The victim does not know what they have done wrong, they just know they are wrong. They begin to feel guilty for who they are and about the beliefs they’ve held. This creates a blank slate so the abuser can attach the guilt to whatever belief system the abuser is trying to replace. The victim comes to believe it is their belief system that is causing all of the problems, the more they accept the abuser’s way of thinking, the more shame they feel about who they were. Essentially, this is when the victim begins to adopt the new way of thinking and relinquishes their old way of thinking.

Step 8- Releasing of Guilt- Logical Dishonoring

By this stage, the victim has come to believe that they themselves are not bad, but the belief systems they held are wrong, and they can escape that wrongness by completely changing their belief systems. They denounce their former belief system and the people they associated with. They confess to acts associated with their former belief systems. After a full confession, they complete the process of rejecting their former identity. Now, the abuser offers up the new identity.These tactics are very similar to those used on prisoners of war or members of a cult. In a domestic abuse situation, the brainwashing process becomes a cycle and the steps continue to be repeated. The moment an abuser begins to feel the victim is “slipping from their control,” they will re-assault their identity. This will begin the process all over again.  Victims continue to believe in the ideas of their abusers long after they have left the abusive environment.  The new belief system has been so deeply rooted, it could take years to change.  There is hope. Abuse thrives only in silence. If you are healing from an abusive relationship, know the most important thing to do is forgive yourself. If you find yourself in this situation, please seek support. An extremely effective way to get out of the darkness of guilt and shame is by shining a light on it. Start talking about it, don’t keep the feelings inside. Shame can only survive in darkness.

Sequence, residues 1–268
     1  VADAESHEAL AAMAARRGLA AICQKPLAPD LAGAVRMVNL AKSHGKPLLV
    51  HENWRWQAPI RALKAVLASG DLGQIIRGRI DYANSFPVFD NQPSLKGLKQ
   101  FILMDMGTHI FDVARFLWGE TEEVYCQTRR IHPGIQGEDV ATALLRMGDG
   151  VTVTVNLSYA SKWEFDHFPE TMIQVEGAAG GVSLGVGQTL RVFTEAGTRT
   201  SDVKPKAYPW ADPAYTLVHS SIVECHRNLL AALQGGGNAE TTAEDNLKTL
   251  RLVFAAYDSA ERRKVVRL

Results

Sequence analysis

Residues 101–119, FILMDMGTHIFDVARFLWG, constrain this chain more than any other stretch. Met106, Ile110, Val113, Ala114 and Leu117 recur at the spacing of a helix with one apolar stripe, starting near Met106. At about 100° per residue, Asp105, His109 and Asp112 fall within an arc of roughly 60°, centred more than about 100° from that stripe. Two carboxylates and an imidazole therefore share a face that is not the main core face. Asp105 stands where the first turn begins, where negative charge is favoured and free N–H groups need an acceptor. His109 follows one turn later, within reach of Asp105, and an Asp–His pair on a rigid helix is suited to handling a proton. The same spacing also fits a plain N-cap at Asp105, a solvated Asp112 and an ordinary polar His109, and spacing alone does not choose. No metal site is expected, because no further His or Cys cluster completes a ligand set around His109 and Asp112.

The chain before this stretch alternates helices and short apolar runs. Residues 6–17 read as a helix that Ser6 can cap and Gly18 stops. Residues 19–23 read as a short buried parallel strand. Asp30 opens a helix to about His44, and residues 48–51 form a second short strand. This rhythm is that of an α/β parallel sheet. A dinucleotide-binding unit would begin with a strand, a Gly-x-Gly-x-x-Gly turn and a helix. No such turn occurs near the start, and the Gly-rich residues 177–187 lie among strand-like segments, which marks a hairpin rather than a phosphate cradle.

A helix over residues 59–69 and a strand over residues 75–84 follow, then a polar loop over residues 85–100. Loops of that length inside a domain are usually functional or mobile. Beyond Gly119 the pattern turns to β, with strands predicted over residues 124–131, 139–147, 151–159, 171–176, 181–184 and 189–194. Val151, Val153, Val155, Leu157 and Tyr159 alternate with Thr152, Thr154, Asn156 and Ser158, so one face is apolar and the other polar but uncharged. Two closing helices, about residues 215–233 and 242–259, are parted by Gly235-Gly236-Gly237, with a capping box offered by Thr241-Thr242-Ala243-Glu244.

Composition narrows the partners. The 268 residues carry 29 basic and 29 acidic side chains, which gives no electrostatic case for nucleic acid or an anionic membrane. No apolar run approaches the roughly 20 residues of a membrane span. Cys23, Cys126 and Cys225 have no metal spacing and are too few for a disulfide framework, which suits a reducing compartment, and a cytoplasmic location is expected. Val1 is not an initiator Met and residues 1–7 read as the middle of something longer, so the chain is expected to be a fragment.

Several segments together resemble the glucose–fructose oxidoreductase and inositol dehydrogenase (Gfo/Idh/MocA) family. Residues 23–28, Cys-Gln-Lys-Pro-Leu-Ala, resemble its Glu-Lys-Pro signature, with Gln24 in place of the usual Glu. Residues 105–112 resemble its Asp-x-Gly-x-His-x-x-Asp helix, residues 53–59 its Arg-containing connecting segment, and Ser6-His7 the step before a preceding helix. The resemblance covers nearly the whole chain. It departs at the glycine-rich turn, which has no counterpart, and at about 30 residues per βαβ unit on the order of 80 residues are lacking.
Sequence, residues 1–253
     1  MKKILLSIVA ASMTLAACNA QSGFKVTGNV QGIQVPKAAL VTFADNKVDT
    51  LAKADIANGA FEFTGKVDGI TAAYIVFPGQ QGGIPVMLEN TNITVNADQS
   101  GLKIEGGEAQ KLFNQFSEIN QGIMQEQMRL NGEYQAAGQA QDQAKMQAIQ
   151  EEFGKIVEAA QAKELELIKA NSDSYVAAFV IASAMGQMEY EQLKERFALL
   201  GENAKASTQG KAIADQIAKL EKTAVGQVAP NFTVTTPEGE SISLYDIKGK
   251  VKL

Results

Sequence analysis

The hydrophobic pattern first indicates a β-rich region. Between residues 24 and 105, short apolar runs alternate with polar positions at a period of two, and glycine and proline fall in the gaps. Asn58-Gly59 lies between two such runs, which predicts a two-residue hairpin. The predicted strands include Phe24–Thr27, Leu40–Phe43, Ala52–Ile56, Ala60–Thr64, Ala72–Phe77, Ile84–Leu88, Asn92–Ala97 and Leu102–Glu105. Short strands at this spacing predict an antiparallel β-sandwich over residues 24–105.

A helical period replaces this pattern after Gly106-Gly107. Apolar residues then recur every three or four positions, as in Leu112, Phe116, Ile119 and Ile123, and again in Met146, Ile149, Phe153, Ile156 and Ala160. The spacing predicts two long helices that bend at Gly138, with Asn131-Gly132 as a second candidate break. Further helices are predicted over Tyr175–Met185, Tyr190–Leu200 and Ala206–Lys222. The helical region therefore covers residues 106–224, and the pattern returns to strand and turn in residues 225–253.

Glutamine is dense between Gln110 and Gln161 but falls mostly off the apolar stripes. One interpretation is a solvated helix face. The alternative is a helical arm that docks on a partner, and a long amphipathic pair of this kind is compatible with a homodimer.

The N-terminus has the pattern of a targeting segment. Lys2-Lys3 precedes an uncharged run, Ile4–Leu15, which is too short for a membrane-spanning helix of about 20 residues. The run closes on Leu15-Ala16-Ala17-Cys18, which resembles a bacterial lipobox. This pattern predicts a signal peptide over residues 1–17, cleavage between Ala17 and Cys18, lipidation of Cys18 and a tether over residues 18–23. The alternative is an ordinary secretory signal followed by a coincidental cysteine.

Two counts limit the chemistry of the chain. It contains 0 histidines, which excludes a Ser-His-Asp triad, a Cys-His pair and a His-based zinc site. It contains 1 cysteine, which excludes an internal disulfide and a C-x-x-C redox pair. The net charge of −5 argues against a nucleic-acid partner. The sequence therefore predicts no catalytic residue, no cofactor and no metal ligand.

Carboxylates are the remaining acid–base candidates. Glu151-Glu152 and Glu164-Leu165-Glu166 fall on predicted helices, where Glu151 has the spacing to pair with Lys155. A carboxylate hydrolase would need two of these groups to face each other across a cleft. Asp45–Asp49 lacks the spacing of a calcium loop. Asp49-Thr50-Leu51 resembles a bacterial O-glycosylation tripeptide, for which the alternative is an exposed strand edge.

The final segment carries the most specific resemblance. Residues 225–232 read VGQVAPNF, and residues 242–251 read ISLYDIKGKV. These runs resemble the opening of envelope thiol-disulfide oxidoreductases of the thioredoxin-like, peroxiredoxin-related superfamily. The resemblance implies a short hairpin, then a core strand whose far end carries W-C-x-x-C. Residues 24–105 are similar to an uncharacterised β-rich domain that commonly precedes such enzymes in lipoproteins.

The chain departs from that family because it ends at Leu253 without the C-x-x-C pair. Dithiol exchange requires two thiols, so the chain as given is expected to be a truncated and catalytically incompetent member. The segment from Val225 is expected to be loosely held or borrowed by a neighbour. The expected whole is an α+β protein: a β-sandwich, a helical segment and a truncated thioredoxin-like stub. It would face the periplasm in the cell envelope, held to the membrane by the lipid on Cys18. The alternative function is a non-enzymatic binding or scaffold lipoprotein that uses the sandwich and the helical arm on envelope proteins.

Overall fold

If you are in an abusive situation...
The National Domestic Violence Hotline

1. Every day, do something that reaffirms the beauty and joy of living. Take time to look around and you'll find plenty of proof that beauty is everywhere. Have your morning cup of coffee in sight of the sunrise, or make it a point to see the sunset. Nature brims with the miracle of life -- get outside and soak it in. Walk through a park listening for birds, watch clouds in a robin's-egg-blue sky, go barefoot in lush grass, skip stones. Stop to smell those roses, and while you're at it, buy some fresh flowers for the house.

2. Do something. A feeling of helplessness in the face of tragedy or human need and suffering contributes to stress. Activity is therapeutic, and volunteerism is one of the best ways to give activity purpose. In helping others, you help yourself. Build a house for the less fortunate with Habitat for Humanity. Or look to Volunteers of America for many other opportunities to help others. Its programs serve some 300 communities across the country, with more than 30,000 volunteers annually doing all kinds of good, from delivering meals to the elderly to reading mail to residents of nursing homes. Or get active on a smaller scale -- there's a lot to be said for just practicing random acts of kindness. Recent research found that a "joy center" of the brain thrills more to unanticipated delights than to what's expected. So surprise someone with a little gift. The payoff for you is experiencing the joy of giving.

Habitat for Humanity

Volunteers of America